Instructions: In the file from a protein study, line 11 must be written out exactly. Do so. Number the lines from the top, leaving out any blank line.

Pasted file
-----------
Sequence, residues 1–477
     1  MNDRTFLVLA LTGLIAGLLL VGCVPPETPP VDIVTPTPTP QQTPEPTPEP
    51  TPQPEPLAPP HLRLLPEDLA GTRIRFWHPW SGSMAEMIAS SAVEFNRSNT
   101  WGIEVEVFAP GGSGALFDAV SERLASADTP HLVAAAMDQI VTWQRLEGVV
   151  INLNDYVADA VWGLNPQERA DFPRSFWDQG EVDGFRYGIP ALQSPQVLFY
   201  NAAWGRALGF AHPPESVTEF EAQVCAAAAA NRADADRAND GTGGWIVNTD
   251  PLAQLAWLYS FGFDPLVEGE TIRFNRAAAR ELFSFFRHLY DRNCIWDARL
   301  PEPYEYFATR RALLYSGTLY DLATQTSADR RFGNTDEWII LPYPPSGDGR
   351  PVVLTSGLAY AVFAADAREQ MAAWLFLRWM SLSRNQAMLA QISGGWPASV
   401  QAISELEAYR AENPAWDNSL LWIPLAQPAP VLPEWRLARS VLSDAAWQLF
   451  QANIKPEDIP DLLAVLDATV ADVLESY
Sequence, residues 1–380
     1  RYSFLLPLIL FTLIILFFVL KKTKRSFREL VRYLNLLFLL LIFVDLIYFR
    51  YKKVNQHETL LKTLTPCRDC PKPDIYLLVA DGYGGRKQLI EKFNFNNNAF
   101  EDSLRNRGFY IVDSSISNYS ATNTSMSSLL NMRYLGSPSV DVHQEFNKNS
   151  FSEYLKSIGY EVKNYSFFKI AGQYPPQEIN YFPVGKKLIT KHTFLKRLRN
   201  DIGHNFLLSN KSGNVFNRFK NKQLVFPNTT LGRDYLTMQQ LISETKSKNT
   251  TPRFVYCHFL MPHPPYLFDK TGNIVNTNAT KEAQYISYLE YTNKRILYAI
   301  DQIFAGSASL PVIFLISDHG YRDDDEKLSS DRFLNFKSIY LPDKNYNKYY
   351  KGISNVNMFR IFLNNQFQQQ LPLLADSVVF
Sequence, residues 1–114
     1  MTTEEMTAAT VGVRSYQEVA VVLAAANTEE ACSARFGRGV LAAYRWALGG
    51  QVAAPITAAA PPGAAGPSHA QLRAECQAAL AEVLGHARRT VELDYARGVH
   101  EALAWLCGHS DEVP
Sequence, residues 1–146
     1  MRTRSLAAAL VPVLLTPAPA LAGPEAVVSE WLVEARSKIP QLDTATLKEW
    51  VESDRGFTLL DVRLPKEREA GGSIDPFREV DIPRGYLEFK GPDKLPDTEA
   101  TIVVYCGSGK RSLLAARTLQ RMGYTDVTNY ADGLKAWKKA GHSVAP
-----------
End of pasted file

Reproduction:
   451  QANIKPEDIP DLLAVLDATV ADVLESY